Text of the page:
Great Tips for Dialogue From Meg Waite Clayton

My latest endeavor in the publishing industry has been to follow all the big publishers, agents, writers, etc., on Twitter. I absolutely love their tweets, and I wish I had done this so much sooner. I highly recommend it. Side note: I also love TweetDeck for following certain publishing-related hashtags, but I’ll probably post more about that later on.

Anyway, it was via @RandomHouse that I discovered this gem of advice for writing dialogue, as compiled by Meg Waite Clayton, author of The Wednesday Sisters, among other titles. She’s got a great blog full of great advice, not just on dialogue, so those of you working on your own stuff should definitely check her out!

Meg’s Blog:

My Twitter List of Significant Writing/Publishing Entities: (in case you’re interested in doing the same!)


Writer’s Block: “It’s Artificial.”

Movie Cover or Non-Movie Cover?

One of Parini’s books. Movie Cover or Non-Movie Cover? (Photo credit: Robert Burdock)

That quote comes from Jay Parini, poet, novelist, biographer, and teacher at Middlebury College in Vermont. In an interview from the fall about his experiences with writing, Parini talks about overcoming writer’s block (which he’s never had, by the way!), and gives some advice to new writers.

Here’s some more of his thoughts on writer’s block:

If you’re blocked, you shouldn’t be writing. You should be fishing. Or mowing the lawn. Or fixing things. Or anything.

Check out the rest of the interview at Jon Winokur’s blog, Advice To Writers, and then come back and let me know what you think! I’m sharing my thoughts below (that’s my version of a “spoiler alert”).

Some of the most poignant advice came from Parini’s advice to new writers. He says the trick is to find a time where you can write, uninterrupted, and guard it with your life. He also said that if you spend that time reading, it’s okay. He makes a great point about the connection between an author’s reading habits and writing habits that I wholly agree with. If I can’t find anything good to read, I’m kind of indifferent to my writing, which isn’t good for productivity!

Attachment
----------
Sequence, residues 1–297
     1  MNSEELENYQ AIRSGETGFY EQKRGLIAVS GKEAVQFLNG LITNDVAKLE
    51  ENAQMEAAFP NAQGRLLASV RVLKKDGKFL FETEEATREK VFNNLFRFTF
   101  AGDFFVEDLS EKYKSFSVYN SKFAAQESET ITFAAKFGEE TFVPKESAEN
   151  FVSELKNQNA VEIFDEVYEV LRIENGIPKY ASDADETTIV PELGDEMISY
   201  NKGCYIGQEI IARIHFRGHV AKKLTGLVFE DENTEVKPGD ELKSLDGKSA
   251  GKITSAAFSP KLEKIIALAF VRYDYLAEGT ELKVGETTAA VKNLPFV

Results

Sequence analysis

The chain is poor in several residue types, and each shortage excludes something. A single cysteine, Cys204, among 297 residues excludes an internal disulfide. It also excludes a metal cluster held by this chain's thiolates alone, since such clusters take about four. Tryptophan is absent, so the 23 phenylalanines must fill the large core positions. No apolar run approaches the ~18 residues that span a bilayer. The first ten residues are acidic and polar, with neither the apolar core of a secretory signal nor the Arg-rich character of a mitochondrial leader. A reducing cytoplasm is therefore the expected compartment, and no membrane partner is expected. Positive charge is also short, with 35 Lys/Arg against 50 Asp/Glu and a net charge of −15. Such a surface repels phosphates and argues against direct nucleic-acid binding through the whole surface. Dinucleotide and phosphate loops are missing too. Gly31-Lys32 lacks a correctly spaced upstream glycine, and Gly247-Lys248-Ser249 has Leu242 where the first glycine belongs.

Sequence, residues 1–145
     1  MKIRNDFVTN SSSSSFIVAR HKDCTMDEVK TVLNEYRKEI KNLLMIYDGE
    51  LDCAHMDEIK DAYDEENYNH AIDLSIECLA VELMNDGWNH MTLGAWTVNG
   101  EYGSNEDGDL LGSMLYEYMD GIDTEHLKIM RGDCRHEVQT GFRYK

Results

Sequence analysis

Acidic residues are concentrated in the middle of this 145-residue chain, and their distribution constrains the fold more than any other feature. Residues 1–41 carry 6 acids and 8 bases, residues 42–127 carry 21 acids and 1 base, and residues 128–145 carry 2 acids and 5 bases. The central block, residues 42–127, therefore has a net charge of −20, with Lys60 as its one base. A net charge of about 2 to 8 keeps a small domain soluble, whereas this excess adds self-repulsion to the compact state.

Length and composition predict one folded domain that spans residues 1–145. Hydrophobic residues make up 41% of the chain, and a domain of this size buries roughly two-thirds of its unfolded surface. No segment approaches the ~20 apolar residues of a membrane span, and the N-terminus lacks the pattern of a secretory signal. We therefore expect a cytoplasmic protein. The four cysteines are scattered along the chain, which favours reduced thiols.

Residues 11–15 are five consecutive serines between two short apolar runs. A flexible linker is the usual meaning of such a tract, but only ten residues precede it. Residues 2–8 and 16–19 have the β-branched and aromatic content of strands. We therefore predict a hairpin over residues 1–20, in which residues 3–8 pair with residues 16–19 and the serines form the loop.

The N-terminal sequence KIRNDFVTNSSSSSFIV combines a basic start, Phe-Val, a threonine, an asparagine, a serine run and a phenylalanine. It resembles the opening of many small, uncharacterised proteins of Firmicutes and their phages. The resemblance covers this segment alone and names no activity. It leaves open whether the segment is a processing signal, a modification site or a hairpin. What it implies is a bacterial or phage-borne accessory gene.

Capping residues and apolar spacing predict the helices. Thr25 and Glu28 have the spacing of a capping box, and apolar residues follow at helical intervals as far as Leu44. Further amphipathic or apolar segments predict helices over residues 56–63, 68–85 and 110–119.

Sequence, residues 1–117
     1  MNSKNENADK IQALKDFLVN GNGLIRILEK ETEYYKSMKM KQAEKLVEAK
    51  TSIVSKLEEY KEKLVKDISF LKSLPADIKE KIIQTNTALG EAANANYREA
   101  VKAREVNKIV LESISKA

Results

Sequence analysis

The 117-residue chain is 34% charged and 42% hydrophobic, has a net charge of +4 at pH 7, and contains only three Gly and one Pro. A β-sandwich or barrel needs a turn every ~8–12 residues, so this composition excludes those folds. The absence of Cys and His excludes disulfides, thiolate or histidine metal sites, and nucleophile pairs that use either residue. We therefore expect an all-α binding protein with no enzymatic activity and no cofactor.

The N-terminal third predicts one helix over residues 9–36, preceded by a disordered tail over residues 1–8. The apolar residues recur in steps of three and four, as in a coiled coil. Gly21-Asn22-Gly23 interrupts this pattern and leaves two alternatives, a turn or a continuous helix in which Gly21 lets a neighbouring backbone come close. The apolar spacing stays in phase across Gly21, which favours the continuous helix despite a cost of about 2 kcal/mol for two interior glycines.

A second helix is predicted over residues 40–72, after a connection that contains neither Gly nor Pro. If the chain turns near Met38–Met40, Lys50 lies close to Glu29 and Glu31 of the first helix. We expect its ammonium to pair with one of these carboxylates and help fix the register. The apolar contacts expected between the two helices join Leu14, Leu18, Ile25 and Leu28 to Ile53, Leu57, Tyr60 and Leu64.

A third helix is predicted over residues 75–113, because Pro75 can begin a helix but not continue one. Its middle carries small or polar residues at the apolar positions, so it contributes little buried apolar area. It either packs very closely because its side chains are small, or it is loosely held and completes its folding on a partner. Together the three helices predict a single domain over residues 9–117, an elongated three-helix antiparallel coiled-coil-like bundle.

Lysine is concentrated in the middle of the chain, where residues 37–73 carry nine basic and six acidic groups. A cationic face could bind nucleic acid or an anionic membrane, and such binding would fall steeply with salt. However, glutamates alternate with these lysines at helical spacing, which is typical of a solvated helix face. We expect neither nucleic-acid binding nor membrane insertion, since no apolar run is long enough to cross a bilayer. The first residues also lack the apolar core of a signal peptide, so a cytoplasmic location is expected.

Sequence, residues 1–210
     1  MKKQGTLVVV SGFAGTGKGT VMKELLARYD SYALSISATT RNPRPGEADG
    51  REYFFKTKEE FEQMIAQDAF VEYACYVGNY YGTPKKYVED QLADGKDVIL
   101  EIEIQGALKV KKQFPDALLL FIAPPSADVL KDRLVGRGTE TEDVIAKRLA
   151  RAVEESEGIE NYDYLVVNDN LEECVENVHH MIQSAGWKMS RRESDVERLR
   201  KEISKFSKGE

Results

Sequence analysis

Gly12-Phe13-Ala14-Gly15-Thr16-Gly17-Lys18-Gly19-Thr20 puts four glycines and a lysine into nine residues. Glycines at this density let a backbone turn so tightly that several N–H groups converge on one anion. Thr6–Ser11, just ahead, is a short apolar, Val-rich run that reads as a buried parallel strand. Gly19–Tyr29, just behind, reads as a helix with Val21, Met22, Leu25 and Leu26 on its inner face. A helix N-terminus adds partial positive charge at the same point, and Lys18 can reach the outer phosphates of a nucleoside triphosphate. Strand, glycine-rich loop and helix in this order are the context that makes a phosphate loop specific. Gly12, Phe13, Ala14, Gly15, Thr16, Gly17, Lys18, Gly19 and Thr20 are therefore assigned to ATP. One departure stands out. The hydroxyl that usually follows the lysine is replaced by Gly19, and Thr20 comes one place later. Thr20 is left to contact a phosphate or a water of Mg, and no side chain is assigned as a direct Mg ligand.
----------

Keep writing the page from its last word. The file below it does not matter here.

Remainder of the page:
I can also connect with his thoughts on writer’s block. It’s true that whenever I really feel like my writing is just not coming to me, it’s usually because I have school work, errands, or other things on my mind that are making it hard to be creative. Some of my best writing came during my holiday from school – I got three solid, ready-for-the-editor chapters finished in six weeks!

What are your thoughts? Do you feel that your writing is connected to your reading? Do you believe in writer’s block?

A new, FREE alternative to Duotrope!

Money, money, money

Hello writer friends.

I’ve been asked to pass around the link to a new, FREE alternative to the popular submissions tracking website Duotrope. As many of you know, Duotrope recently became paid-subscription only. But this new site is looking to fill the void it left in us broke, penniless writers. It comes from the guys who bring you

So here it is.

What’s cool about Grinder is that they promise to keep it free.

“We believe that that value of a good tracker lies in the statistics and any attempt to restrict access will dilute and diminish that value.

For that reason, The grinder will NEVER have a compulsory cost to the writers who call it home.”

Now, I am not too familiar with Duotrope, as I haven’t been submitting work seriously enough that I really needed it, and I know I won’t pay to use it. So I can’t really fairly compare the two, but I think based on the site’s statement that I quoted, Grinder really has some potential to compete with Duotrope. For those of you who ARE seriously submitting your work, let me know how Grinder works out for you if you decide to give it a try!